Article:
B.C. anti-bullying program 'WITS' receives top marks from Dalhousie researchers
'Like we teach French early ... we should also teach [children] how to manage emotions'
A bullying prevention program developed in Victoria in the 1990s and used in B.C. schools has been given top marks by researchers from Dalhousie University.
Researchers from the Halifax university reviewed seven popular bullying prevention programs used in Nova Scotia schools and elsewhere in the country and found that only B.C's program WITS was truly effective.
WITS stands for walk away, ignore, talk it out and seek help.
More benefit, lower cost: researchers
"We found that WITS delivers stronger effects than other programs at a lower cost, and shows long‐term benefits," said Ashley Chisholm, master's candidate in the Department of Community Health & Epidemiology, in a media release posted on the university's website.
The researchers -- who were investigating programs to recommend to Nova Scotia's school boards -- found that the other six programs were heavy on resources but didn't offer considerable reduction in bullying perpetration or victimization.
The WITS program was developed in the 1990s by Victoria-area educators and University of Victoria psychology professor Bonnie Leadbeater.
"After Reena Virk was killed there was a lot of concern about youth violence and a lot of thinking that this should be something we prevent early, that we think about this in little children," said Leadbeater, co-developer of the program.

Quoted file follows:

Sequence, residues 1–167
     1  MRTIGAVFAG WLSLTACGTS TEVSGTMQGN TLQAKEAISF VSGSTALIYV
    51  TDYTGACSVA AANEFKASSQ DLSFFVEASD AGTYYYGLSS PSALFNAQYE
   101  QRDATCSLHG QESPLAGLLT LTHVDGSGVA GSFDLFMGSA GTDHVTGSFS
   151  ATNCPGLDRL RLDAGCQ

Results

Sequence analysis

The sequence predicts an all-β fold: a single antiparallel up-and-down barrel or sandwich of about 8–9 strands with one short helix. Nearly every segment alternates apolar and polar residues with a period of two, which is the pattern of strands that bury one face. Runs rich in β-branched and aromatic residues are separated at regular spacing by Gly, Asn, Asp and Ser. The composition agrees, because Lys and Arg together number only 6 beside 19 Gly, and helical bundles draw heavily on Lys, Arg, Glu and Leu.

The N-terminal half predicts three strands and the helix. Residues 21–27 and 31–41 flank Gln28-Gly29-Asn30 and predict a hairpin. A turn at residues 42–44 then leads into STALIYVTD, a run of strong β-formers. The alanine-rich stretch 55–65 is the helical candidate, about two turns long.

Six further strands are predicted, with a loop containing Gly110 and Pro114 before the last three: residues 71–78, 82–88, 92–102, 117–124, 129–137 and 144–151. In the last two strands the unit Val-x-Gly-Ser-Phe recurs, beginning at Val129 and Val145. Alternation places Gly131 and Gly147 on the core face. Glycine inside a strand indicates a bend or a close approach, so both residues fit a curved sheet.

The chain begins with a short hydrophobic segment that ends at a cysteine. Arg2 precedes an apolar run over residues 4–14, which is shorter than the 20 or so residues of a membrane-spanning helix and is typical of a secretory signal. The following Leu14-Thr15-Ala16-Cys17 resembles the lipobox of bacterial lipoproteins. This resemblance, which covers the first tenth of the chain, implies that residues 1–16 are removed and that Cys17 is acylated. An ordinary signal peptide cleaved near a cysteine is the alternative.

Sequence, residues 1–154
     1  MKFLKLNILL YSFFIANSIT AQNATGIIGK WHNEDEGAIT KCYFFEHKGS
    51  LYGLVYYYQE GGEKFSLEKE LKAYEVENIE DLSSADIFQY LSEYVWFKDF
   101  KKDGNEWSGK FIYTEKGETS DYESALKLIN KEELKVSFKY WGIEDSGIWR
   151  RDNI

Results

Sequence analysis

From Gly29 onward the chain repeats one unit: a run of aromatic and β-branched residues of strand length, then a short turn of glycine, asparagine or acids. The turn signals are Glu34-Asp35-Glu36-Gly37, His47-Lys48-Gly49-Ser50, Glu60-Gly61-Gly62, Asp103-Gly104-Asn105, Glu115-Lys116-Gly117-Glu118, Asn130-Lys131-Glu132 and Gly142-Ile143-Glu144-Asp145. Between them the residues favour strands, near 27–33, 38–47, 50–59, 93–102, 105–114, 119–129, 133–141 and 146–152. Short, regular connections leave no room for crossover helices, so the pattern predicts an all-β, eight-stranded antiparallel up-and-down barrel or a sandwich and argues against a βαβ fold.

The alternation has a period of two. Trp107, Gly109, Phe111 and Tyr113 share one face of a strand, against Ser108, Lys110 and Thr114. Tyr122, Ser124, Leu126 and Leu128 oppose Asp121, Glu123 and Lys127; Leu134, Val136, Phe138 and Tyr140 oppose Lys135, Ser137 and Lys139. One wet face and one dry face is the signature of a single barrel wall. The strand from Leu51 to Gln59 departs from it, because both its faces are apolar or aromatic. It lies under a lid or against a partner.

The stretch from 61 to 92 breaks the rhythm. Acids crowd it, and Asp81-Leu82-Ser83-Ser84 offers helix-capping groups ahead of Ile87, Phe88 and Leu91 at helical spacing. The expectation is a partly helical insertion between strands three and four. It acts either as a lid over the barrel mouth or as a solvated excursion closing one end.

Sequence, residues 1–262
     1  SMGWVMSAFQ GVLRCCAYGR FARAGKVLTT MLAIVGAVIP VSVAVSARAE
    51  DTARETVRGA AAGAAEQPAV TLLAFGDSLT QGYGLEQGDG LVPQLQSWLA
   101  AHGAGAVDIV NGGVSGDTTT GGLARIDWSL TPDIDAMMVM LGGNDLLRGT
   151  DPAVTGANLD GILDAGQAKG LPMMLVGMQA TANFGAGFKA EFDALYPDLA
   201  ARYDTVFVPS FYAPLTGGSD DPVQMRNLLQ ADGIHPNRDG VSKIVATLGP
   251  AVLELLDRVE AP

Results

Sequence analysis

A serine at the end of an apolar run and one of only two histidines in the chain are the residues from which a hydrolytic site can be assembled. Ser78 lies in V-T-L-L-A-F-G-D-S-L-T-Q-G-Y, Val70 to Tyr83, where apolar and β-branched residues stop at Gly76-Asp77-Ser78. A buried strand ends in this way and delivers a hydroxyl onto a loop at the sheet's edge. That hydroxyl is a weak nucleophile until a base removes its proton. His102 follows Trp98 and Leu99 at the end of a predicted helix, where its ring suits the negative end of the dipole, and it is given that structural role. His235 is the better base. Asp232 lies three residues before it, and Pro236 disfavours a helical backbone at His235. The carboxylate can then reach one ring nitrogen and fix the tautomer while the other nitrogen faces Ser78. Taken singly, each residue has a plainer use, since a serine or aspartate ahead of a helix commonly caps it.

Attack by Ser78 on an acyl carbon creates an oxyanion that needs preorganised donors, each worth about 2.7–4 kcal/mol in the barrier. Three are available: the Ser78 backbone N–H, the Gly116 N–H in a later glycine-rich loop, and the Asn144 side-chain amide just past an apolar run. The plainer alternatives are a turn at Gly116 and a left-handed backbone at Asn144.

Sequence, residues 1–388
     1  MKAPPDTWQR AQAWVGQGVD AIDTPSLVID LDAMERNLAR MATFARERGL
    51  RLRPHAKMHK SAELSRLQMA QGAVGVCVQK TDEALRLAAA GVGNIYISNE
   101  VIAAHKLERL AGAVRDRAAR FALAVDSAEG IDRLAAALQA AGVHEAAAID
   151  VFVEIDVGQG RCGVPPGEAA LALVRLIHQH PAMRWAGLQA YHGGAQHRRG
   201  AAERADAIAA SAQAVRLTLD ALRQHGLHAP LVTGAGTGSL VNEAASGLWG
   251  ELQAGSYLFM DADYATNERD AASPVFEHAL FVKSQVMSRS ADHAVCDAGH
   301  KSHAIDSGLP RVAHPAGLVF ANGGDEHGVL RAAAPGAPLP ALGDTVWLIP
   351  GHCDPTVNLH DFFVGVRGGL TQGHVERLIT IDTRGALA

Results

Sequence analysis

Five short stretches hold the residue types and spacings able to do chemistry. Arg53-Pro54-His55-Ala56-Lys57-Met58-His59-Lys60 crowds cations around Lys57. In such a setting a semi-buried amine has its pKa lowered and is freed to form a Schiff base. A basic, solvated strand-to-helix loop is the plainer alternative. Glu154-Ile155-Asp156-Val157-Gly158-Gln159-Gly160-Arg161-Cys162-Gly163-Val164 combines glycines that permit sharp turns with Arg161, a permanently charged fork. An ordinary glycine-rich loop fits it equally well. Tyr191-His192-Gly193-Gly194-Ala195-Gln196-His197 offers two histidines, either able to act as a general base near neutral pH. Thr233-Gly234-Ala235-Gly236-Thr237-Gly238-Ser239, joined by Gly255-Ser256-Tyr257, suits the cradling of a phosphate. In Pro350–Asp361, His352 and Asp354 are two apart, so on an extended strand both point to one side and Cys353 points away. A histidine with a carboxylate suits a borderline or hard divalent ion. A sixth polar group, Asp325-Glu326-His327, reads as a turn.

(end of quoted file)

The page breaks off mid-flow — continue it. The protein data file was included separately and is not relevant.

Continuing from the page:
"Like we teach them French very early, we should also teach them how to manage their emotions and how to resolve conflicts with their friends."
Program is 'proactive': co-founder
When the program first started it was geared towards Kindergarten to grade three, and has since expanded to grades up to grade six. It is used in 280 schools in the province.
"In contrast to some of the anti-bullying programs that really focus on detecting bullies and having bystanders stand up for victims, the WITS program is … much more proactive," Leadbeater said.
She said children are taught that they can use any of the four WITS, in any order, and can help quickly get them out of a difficult situation.
Use your WITS
"Walking away and ignoring sounds kind of passive, but when kids are doing it using their WITS it's quite an active thing. You're really saying, 'I ignore you, what you're doing is really not that important to me, I'm walking away, I'm out of here'," said Leadbeater.
"Bullies feed off of people who cry or react to them, but people who don't react and walk away get very little response from a bully."
With files from CBC's All Points West
To hear the full interview listen to the audio labelled: B.C. anti-bullying program 'WITS' receives top marks from Dalhousie researchers